Shropshire Star: Scotland Stays Free of Road Pricing

! This post hasn't been updated in over a year. A lot can change in a year including my opinion and the amount of naughty words I use. There's a good chance that there's something in what's written below that someone will find objectionable. That's fine, if I tried to please everybody all of the time then I'd be a Lib Dem (remember them?) and I'm certainly not one of those. The point is, I'm not the kind of person to try and alter history in case I said something in the past that someone can use against me in the future but just remember that the person I was then isn't the person I am now nor the person I'll be in a year's time.
A Telford man has had over 1.8m signatures on his online petition against road pricing. The Department for Transport, Douglas Alexander, says that the wording of the petition is misleading and that’s what has led to the biggest protest in the history of this country.

Lots of people are pointing out the unfairness of this proposed new tax – we already pay a mileage tax, it’s called fuel duty – but miss the most obvious injustice.

Douglas Alexander was elected in the constituency of Paisley & Renfrewshire South, Scotland. Transport is devolved in Scotland, Wales and Northern Ireland so he has no say over transport policy in his own constituency.

Because transport is devolved, road pricing only applies to England and law compelling motorists to fit their cars with a spy box to track their every move will only apply to England.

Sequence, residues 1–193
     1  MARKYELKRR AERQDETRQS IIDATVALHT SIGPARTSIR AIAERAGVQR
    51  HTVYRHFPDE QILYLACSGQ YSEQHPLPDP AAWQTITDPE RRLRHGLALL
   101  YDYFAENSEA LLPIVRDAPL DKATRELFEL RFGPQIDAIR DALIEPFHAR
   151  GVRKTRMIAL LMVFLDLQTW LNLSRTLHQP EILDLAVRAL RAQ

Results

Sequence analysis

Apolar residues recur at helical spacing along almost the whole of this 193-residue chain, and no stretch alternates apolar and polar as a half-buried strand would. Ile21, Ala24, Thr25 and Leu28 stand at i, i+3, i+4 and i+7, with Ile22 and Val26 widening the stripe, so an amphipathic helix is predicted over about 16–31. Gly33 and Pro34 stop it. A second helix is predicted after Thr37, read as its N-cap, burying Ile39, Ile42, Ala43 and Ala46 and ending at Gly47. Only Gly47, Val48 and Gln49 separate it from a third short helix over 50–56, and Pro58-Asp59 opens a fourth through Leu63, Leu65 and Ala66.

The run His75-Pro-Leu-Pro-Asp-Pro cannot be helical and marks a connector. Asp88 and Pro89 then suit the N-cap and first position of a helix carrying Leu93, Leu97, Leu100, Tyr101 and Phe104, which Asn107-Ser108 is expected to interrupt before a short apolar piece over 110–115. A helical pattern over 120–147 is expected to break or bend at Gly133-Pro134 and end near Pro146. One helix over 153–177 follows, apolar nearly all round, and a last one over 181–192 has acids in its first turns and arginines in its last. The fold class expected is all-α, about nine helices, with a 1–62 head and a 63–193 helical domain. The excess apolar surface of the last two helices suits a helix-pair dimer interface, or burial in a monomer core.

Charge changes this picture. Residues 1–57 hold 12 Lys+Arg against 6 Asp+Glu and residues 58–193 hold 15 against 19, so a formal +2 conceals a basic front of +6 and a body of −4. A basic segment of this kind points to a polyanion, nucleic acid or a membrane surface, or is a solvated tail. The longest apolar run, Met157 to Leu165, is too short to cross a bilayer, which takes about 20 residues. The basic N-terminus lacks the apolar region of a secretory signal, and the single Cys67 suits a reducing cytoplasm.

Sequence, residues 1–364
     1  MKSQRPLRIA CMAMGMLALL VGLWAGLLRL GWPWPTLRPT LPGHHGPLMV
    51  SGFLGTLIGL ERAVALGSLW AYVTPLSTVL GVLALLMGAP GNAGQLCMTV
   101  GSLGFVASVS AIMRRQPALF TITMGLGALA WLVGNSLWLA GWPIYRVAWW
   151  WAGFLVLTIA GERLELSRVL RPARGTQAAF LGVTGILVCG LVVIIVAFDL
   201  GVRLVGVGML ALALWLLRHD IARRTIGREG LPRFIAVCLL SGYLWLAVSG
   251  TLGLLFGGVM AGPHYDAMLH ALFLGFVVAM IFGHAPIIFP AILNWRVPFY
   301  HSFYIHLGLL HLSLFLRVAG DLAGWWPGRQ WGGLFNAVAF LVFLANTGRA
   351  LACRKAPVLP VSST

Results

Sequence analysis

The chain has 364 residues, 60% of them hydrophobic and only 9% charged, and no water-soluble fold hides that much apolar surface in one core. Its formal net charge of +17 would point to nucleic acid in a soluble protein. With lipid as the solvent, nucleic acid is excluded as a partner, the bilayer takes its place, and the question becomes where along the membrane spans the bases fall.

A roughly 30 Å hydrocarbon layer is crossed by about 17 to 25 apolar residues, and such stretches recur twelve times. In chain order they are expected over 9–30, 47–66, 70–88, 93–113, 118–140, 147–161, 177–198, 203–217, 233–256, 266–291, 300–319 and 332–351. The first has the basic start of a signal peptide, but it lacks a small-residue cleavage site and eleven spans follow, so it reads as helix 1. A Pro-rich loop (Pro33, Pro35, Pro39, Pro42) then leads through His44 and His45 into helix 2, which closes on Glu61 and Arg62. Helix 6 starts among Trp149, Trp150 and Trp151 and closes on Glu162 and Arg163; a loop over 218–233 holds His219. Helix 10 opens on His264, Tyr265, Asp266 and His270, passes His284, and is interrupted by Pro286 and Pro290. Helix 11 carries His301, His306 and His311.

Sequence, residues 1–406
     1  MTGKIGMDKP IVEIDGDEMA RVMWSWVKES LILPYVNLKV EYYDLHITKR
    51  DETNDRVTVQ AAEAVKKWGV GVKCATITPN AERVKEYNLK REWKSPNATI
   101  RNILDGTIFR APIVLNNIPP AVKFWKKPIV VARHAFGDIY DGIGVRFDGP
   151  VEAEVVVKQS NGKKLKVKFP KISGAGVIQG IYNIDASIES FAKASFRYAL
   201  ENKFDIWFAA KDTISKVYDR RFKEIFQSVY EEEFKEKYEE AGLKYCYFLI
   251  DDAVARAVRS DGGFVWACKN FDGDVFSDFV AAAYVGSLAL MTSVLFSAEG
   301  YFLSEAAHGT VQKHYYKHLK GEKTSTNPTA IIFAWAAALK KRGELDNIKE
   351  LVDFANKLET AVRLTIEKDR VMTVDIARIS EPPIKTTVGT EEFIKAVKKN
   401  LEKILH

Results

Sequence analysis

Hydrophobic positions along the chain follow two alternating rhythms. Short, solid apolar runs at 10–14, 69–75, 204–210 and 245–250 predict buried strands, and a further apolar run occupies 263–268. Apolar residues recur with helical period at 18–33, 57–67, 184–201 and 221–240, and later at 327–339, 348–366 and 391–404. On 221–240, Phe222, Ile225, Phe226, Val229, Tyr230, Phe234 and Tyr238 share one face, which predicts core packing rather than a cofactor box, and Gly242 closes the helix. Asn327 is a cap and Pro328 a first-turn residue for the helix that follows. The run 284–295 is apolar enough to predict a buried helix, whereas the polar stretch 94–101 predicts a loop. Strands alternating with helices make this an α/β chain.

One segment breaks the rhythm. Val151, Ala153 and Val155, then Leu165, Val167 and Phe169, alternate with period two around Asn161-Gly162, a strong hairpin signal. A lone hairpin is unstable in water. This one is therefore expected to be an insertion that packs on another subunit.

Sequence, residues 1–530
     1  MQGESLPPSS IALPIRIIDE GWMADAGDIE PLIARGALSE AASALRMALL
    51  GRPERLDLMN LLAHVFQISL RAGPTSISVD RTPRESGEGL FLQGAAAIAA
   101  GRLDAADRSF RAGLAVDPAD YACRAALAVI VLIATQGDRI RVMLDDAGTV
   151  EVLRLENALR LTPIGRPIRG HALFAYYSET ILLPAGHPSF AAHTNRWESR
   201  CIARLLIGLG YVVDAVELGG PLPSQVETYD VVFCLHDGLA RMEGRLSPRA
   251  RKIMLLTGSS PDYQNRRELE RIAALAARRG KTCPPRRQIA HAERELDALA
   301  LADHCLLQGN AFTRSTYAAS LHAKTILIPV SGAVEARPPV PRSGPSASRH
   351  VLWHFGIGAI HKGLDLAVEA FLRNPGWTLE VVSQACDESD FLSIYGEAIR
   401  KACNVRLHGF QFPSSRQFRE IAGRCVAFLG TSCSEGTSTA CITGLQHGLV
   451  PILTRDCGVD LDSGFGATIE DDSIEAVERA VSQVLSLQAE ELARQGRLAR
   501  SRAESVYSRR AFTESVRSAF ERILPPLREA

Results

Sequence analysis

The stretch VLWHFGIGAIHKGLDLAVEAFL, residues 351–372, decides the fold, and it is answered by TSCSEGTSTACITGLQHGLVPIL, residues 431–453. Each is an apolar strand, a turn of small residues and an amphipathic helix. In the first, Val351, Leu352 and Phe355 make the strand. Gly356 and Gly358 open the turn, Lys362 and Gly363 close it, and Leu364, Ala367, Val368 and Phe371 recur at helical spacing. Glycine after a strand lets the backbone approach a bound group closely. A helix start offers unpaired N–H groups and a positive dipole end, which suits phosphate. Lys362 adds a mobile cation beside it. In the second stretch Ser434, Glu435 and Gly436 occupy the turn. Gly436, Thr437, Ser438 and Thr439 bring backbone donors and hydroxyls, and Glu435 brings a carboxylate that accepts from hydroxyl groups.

Not only will road pricing not happen in Scotland, Wales or Northern Ireland but the people who live there won’t have to pay to use English roads.

Douglas Alexander can’t lose. He is the architect of the most unpopular transport policy ever to come out of the Department for Transport yet his own constituents – the people who decide whether or not he keeps his job every five years – are completely unaffected by it.

This isn’t a one-off either – Alistair Darling, the Minister for Trade & Industry recently dismissed a call for Sunday Trading laws to be changed so that supermarkets can open all day on Sundays in England.

Yet in Scotland, where he was elected, supermarkets can open all day on Sunday because it is a matter for the Scottish Parliament.

I sincerely hope that the petition will force the British government to rethink their plans to tax the English off the road but I suspect that all that will come of it is a belief by the powers that be that we need the Government to save us from ourselves.

Stuart Parr, Telford

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